A young bear learns that a friend shares your values
Thank You Bear. By Greg Foley. Viking. 32 pp., $15.95, Ages 1–3.
By Janice Harayda
Thank You Bear has so much going for it that you wish it weren’t also an example of a disheartening trend: More and more, publishers are pandering to library story hours at the expense of parents and others who read to children.
This new picture book tells a simple yet highly effective story that’s in some ways reminiscent of “Goldilocks”: A little bear finds a small box he’s sure his friend Mouse will love — until he meets up with other animals, each of whom dismisses it for a different reason. (The elephant thinks it’s too small, the rabbit doesn’t have time to look at it.) Bear is starting to wonder if the box is so great after all when Mouse comes along and loves it as much as he had hoped.
In fewer than 200 words, Greg Foley develops the worthy theme that a friend shares your values. And like his text, his drawings are pared-down but expressive. Because I don’t have toddlers, I took Thank You Bear to church, corralled a two-year-old at coffee hour and read it to him as we sat in side-by-side armchairs. It was Palm Sunday, so the room was mobbed with children eating cookies and making Origami-like crosses from fronds. My young companion paid no attention to the crowd: He was riveted by the story and could easily identify the animals from Foley’s bold strokes.
Then what’s the problem? First, at nearly 10” by 10,” Thank You Bear is too big. I held it against the bodies of a couple of two-year-olds and found that it was as long as either of their arms from shoulder to wrist. How easily could you hold a book a long as your arm? Thank You Bear isn’t a book most toddlers could carry around like the paperback edition of Thomas the Tank Engine that my young friend had with him. And size helps to drive price. Thank You Bear is a $15.95 book that would serve children better if it were at least third smaller and less expensive. Oversized books make sense for authors like Maurice Sendak and Chris Van Allsburg, who do museum-quality work, or Jan Brett, who uses folkloric motifs and borders full of details easier to see in a large format. But the minimalist art of Thank You Bear doesn’t require that scope. On many pages Bear is becalmed in a sea of white space.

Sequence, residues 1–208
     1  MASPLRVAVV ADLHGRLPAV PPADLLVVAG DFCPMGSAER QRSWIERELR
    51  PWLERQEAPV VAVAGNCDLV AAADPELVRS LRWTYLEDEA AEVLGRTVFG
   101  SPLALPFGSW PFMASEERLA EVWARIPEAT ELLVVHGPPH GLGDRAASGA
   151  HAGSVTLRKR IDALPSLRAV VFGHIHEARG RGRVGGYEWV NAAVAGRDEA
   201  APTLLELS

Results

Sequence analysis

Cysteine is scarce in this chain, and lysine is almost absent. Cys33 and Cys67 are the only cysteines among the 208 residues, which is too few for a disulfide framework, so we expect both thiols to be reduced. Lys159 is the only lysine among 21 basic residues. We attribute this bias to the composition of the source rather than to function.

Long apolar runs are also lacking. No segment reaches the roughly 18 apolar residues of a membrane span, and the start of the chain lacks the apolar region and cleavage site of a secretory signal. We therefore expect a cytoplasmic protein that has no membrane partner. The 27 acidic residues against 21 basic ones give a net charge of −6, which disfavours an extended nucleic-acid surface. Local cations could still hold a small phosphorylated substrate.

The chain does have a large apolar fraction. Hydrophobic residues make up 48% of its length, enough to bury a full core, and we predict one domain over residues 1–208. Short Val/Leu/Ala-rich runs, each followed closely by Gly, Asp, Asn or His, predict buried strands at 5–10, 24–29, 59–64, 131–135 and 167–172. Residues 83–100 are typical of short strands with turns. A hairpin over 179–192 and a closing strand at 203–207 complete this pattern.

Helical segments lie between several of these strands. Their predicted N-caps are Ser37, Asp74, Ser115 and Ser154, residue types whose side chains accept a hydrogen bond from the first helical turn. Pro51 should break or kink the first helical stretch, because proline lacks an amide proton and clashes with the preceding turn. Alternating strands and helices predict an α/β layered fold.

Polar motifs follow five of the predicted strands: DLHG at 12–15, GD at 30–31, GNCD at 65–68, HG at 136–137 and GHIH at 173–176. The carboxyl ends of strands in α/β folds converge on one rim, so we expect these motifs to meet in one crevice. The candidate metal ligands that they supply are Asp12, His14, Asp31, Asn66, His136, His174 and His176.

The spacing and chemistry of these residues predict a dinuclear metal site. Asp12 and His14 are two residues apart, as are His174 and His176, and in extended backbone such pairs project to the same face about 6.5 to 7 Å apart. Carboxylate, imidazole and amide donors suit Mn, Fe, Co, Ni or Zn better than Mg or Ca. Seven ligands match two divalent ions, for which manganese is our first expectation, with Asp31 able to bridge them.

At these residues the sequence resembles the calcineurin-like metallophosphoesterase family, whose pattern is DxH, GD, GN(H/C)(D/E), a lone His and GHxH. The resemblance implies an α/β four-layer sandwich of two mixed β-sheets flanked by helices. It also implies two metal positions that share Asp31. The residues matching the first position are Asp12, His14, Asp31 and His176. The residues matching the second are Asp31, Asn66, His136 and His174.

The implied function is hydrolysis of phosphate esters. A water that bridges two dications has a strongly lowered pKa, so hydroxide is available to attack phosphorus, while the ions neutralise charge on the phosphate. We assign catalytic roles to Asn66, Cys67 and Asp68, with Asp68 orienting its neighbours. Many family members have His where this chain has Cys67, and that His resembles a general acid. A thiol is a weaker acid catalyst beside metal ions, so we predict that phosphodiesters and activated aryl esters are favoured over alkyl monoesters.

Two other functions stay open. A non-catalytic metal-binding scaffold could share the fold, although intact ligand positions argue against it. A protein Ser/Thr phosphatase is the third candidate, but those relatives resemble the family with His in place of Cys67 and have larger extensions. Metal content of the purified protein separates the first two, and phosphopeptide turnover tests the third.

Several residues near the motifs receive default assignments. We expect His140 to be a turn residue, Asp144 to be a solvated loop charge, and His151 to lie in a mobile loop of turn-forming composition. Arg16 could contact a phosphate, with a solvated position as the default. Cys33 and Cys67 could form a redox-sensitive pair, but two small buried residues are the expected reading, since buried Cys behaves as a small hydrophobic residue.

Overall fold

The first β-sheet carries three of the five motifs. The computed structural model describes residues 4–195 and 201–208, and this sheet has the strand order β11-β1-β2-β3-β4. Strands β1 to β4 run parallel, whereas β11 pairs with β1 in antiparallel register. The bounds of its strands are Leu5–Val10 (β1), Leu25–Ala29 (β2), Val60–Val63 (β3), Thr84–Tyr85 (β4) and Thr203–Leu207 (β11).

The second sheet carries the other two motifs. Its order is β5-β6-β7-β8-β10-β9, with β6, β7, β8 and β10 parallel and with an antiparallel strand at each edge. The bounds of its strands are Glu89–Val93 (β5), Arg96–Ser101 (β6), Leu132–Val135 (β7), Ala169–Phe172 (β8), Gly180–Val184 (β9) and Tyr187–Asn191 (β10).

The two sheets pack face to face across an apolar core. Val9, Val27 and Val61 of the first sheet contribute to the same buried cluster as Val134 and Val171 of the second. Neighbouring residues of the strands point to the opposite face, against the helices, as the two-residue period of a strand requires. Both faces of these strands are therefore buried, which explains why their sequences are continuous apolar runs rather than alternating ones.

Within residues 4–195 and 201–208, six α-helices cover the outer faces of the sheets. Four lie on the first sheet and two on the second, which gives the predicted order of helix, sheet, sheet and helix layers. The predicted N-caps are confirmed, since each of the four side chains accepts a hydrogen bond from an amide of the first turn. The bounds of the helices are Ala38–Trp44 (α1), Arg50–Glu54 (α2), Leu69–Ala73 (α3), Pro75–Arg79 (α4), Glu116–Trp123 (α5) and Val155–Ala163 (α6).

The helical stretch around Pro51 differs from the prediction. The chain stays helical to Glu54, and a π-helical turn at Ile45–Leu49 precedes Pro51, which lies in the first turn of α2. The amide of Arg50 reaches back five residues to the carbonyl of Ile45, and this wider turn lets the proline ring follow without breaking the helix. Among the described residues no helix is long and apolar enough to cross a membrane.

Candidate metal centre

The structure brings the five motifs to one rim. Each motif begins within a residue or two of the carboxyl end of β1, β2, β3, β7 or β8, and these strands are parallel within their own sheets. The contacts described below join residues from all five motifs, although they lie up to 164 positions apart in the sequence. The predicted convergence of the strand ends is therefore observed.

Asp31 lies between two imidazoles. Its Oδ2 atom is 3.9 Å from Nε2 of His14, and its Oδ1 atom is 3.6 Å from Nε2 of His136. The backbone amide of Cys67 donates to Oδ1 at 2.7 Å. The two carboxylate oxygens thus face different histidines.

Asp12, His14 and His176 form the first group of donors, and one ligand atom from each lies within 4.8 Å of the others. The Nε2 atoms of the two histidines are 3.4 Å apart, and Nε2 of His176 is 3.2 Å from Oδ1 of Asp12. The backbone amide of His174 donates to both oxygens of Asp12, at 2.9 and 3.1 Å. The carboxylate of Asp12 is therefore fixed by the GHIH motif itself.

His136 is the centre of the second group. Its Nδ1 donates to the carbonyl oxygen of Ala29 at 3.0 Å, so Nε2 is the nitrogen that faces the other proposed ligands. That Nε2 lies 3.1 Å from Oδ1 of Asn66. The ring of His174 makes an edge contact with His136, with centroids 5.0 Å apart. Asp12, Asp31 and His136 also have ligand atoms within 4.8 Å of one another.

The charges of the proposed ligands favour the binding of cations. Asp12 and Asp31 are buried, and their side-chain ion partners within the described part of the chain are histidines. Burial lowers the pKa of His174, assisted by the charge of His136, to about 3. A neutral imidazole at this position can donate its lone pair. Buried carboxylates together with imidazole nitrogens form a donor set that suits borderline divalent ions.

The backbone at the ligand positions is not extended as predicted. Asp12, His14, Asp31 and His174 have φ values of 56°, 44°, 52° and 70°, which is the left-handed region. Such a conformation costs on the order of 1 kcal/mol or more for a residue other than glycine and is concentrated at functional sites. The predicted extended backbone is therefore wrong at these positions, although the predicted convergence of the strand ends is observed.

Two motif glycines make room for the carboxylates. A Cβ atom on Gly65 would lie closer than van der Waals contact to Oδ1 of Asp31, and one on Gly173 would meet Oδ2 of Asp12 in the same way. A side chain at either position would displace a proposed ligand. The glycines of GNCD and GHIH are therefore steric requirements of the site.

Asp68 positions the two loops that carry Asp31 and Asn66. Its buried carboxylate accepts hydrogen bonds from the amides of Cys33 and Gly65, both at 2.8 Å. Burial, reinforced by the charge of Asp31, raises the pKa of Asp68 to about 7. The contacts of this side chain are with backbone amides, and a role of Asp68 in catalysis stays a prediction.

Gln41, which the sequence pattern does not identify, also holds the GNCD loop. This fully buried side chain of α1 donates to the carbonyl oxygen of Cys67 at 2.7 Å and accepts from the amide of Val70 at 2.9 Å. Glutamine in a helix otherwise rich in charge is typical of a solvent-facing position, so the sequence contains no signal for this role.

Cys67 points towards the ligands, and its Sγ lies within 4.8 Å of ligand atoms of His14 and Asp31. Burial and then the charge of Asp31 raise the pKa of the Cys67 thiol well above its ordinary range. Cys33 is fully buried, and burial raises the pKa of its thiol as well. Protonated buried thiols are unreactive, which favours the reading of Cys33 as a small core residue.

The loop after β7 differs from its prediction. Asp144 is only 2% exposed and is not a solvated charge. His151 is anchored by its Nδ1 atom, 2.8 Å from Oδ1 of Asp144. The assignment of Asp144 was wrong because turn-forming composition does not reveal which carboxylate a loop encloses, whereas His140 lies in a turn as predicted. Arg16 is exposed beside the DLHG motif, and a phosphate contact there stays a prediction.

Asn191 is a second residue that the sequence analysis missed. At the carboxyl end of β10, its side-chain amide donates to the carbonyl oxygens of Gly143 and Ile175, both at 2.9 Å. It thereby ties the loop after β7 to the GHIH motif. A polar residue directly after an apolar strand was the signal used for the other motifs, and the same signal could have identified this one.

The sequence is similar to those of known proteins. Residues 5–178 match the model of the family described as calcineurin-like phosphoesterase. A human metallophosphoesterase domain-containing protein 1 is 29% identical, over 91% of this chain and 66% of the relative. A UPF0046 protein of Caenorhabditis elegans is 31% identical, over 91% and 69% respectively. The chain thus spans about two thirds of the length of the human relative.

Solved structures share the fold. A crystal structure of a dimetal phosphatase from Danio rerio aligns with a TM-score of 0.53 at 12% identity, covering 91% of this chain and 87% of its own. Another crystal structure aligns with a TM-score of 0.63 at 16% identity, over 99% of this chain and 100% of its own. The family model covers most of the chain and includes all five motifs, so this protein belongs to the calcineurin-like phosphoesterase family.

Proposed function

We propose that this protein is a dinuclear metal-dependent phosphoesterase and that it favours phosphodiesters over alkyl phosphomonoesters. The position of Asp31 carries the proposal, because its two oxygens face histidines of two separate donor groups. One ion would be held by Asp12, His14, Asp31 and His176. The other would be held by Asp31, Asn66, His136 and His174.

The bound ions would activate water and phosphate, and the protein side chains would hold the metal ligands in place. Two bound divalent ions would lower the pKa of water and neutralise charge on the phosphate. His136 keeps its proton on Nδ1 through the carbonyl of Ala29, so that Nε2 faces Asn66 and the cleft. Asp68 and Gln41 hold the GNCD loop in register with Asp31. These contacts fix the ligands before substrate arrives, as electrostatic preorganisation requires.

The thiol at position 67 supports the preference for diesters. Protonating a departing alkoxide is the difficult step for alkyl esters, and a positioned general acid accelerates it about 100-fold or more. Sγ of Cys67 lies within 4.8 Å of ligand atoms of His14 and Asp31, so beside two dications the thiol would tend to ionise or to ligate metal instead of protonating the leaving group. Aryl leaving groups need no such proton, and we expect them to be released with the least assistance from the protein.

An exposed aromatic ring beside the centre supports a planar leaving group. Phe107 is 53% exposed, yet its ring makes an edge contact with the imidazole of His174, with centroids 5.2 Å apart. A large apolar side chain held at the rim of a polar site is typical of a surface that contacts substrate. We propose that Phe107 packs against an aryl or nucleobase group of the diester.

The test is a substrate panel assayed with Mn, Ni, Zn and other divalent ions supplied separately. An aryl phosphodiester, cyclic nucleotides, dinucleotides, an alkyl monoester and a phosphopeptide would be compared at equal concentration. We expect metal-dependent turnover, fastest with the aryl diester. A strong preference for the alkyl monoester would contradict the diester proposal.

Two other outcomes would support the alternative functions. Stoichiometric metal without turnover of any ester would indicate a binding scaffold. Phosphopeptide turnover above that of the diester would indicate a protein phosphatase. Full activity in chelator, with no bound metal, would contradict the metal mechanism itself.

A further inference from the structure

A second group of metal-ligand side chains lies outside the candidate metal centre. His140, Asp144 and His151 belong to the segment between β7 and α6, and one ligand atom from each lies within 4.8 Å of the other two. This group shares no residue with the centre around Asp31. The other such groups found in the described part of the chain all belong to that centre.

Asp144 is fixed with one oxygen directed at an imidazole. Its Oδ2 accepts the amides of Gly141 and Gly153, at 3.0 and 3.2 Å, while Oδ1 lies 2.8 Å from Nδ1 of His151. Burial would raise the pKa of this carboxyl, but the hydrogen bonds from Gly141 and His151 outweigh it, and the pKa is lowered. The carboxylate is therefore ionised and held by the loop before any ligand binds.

The gargantuan 4” x 3” font used for the title on the cover tells you a lot about this book. Few toddlers can read, so they don’t need it, and even bifocal-wearing grandparents don’t require something that big. So why use a blimp-sized font and comparably large pictures throughout the book? Clearly, so the children at the back of a semicircle can see them at story hours.
Publishers often bring out paperback or mini-editions of picture books within a year or so of their publication, and that may happen with Thank You Bear. Until then it’s sad that this book may exceed the financial – or physical – reach of many parents and toddlers who would enjoy it.
Best line/picture: An image that shows Bear wondering if his box is so great after all. Uncertainty is harder to show than stronger feelings, but Foley pulls it off.
Worst line/picture: The cover font. Thank You Bear is also punctuated incorrectly on the cover and title page, though not elsewhere in the book.
Recommended if … you either a) get the book from the library; b) wait for a paperback or mini-edition; or c) or can say truthfully, “I don’t care if the publisher is gouging me. Nothing is too expensive for my brilliant, wonderful, adorable grandchild. Want to see a picture?”
Published: March 2007
Furthermore: In the coming months, I plan to revisit aggressively the issue of overpriced children’s books. Please bookmark this site or subscribe to the RSS feed to avoid missing posts on this subject.
© 2007 Janice Harayda. All rights reserved.